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A man looks at an electronic board showing the Nikkei stock index outside a brokerage in Tokyo, Japan, January 7, 2019. (File photo)KIM KYUNG-HOON/Reuters

Financial markets were roiled on Wednesday after Iran fired missiles at U.S. forces in Iraq, sending Asian stocks and U.S. Treasury yields sliding and jolting oil prices higher as investors feared a wider conflict in the Middle East.

Iran’s missile attacks on the Ain Al-Asad air base and another in Erbil, Iraq, early in the day came hours after the funeral of an Iranian commander whose killing in a U.S. drone strike has intensified tensions in the region.

Early reports of the attacks sparked a sudden rise in risk aversion on worries over how the United States would respond. But by early afternoon, Asian equities had trimmed losses, the yen had stabilized somewhat and U.S. bonds tempered their rally as investors paused for breath.

“We are getting exaggerated moves but that’s of course volatility playing. Markets simply hate uncertainty. It’s an old adage but it definitely holds true in the current situation - markets can price risks but they can’t price uncertainty,” said James McGlew, executive director of corporate stockbroking at Argonaut in Perth.

U.S. President Donald Trump said in a tweet late on Tuesday that an assessment of casualties and damage from the strikes was under way and that he would make a statement on Wednesday morning. Trump said that “All is well!” and “So far, so good!.”

A U.S. official said the United States was not aware of any casualties from the strikes.

MSCI’s broadest index of Asia-Pacific shares outside Japan was down 0.5% around 0445 GMT, having dropped more than 1% earlier in the day. China’s blue-chip CSI300 index was 0.48% lower.

Japan’s Nikkei was down 1.29%, also paring earlier losses of over 2%, while Australian shares clawed back from a more-than-1% drop to shed 0.18%. U.S. S&P500 e-mini stock futures, which had earlier tumbled nearly 1.7%, were down 0.28%.

Rob Carnell, Asia-Pacific chief economist at ING in Singapore, said possible further escalation of tensions between Iran and the United States could still provoke a prolonged negative market reaction.

“If you see U.S. treasuries rallying a bit this morning, expect them to rally quite a bit further should there be a forceful response from the United States, which I’d imagine there would be...from a market perspective I think this one could run and run,” he said.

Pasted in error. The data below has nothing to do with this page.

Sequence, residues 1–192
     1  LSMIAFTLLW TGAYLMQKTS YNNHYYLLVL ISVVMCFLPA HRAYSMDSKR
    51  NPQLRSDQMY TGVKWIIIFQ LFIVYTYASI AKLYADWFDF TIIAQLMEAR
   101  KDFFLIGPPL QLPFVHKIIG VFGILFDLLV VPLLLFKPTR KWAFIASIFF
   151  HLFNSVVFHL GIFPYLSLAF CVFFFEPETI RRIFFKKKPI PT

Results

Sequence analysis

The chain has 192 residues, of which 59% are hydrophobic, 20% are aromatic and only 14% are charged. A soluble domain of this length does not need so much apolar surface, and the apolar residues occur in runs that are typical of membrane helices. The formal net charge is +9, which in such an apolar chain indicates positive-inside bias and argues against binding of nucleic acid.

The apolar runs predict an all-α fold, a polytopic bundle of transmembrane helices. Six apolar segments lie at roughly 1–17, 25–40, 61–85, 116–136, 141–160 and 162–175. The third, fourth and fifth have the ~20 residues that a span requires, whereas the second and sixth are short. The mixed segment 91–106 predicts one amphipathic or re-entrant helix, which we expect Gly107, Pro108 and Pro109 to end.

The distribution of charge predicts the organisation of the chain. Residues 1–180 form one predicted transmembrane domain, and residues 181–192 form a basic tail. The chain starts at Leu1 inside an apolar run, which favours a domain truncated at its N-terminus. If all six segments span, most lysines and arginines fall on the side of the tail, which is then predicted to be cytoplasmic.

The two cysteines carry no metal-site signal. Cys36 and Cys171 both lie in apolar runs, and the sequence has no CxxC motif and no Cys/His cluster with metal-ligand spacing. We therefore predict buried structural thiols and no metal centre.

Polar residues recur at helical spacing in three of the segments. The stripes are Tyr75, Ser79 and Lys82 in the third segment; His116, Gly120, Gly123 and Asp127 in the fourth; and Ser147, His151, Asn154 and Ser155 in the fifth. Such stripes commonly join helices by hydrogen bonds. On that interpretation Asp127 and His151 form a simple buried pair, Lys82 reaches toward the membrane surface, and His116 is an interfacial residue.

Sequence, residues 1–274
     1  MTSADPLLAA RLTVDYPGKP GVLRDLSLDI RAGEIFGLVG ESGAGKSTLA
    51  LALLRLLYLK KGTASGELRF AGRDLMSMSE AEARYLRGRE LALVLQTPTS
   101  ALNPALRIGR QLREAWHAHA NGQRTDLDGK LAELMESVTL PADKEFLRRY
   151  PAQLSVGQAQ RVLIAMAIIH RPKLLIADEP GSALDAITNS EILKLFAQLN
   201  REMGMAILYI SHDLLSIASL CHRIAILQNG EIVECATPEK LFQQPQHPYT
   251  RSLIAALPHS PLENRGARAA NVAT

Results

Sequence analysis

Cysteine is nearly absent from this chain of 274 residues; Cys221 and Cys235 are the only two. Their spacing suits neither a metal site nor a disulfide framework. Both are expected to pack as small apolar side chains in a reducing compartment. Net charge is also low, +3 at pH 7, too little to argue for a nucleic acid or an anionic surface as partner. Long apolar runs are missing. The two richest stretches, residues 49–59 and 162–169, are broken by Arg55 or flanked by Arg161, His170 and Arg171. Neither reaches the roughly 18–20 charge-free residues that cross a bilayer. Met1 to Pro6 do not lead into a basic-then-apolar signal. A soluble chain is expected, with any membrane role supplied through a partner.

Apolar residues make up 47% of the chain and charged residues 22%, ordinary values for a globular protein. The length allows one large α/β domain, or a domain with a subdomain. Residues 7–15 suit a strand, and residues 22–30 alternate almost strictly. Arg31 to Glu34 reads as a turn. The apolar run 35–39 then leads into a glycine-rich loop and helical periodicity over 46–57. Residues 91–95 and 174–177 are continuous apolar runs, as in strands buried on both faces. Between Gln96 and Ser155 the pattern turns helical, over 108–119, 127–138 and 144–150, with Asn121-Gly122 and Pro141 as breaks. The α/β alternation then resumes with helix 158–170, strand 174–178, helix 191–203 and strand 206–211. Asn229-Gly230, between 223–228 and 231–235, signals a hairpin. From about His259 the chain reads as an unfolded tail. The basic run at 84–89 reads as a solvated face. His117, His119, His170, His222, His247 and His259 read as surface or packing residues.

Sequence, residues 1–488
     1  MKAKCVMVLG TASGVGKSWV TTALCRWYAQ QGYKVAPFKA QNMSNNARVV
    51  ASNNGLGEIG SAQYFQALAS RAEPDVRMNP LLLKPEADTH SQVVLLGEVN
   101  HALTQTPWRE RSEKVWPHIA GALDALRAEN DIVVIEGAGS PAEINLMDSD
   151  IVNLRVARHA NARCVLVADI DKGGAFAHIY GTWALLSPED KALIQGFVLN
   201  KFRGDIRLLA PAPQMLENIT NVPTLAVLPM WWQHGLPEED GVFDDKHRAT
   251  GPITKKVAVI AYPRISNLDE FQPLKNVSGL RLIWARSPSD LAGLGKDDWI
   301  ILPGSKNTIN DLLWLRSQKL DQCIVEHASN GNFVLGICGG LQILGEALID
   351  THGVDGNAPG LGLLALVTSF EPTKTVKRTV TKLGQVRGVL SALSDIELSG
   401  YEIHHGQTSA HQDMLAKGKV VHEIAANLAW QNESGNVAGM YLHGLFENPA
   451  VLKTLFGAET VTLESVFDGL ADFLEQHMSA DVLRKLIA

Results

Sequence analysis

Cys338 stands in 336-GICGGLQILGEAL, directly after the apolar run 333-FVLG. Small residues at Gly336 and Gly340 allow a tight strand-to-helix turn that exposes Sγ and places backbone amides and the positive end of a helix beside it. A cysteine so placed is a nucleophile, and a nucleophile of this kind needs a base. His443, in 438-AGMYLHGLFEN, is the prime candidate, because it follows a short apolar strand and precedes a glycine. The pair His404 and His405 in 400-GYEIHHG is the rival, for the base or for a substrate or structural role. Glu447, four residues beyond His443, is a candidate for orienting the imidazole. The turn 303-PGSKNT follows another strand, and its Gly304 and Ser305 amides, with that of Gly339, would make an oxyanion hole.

The yield on benchmark 10-year U.S. Treasury notes last stood at 1.7864%, down from a U.S. close of 1.825% on Tuesday, but up from session lows. U.S. 10-year Treasury futures had earlier peaked at their highest level since November, and were last up 0.24%.

The two-year yield fell to 1.5183% compared with a U.S. close of 1.546%.

The yen, which had hit its strongest point against the greenback since October in morning trade, gave up most of its gains later in the day. The U.S. currency was last down just 0.08% against the yen at 108.33.

The euro was 0.04% weaker, buying US$1.1147 and the dollar index, which measures the greenback against six major peers, was 0.07% lower at 96.940.

In commodity markets, global benchmark Brent crude futures shot back above US$70 per dollar to their highest level since mid-September in the initial hours after Iran’s strikes.

They were last up 1.36% at US$69.20 per barrel, while U.S. crude added 1.26% to US$63.49 a barrel.

Gold also fell below a key psychological level as initial fears eased. The precious metal was 1.16% higher on the spot market at US$1,592.18 per ounce, having earlier blasted through US$1,600.

On Tuesday, shares on Wall Street had amid worries over U.S.-Iran tensions. The Dow Jones Industrial Average fell 0.42%, the S&P 500 lost 0.28% and the Nasdaq Composite dropped 0.03%.

Analysts say the escalating Middle East tensions are likely to keep markets on edge.

“If it does look like we’ve got U.S. casualties, then I don’t think Trump is going to just stand back and take that,” said Matt Simpson, a senior market analyst at Gain Capital in Singapore. “World War III has been thrown around. I don’t think we’re there yet. But it does look like Iraq II.”

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